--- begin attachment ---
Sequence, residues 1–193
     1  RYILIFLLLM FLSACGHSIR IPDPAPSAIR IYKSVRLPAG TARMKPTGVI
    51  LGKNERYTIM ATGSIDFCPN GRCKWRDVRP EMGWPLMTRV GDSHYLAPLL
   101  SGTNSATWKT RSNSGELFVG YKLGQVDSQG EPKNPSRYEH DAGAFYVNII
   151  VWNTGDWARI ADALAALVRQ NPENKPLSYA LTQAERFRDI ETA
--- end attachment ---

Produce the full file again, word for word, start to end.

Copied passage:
Sequence, residues 1–193
     1  RYILIFLLLM FLSACGHSIR IPDPAPSAIR IYKSVRLPAG TARMKPTGVI
    51  LGKNERYTIM ATGSIDFCPN GRCKWRDVRP EMGWPLMTRV GDSHYLAPLL
   101  SGTNSATWKT RSNSGELFVG YKLGQVDSQG EPKNPSRYEH DAGAFYVNII
   151  VWNTGDWARI ADALAALVRQ NPENKPLSYA LTQAERFRDI ETA